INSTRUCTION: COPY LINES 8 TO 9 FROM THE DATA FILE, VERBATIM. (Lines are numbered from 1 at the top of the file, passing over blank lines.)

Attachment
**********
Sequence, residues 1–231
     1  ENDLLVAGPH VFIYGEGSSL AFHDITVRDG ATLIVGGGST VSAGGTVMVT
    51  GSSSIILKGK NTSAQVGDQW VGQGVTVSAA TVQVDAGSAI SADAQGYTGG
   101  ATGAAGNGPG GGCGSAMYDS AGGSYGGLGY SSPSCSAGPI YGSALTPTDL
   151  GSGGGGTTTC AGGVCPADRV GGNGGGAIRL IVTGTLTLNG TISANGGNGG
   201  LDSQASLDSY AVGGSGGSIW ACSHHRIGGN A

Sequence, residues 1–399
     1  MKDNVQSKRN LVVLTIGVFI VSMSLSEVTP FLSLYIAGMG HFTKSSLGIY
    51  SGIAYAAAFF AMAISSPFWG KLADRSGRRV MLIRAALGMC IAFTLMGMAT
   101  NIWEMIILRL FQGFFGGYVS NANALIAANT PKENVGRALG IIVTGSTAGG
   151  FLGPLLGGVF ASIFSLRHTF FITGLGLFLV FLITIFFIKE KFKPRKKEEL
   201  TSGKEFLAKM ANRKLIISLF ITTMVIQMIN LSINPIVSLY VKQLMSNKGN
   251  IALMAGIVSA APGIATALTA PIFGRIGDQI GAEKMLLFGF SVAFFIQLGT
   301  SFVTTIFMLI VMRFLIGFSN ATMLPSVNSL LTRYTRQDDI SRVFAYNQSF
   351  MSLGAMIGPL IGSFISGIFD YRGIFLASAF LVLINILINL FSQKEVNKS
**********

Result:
     1  MKDNVQSKRN LVVLTIGVFI VSMSLSEVTP FLSLYIAGMG HFTKSSLGIY
    51  SGIAYAAAFF AMAISSPFWG KLADRSGRRV MLIRAALGMC IAFTLMGMAT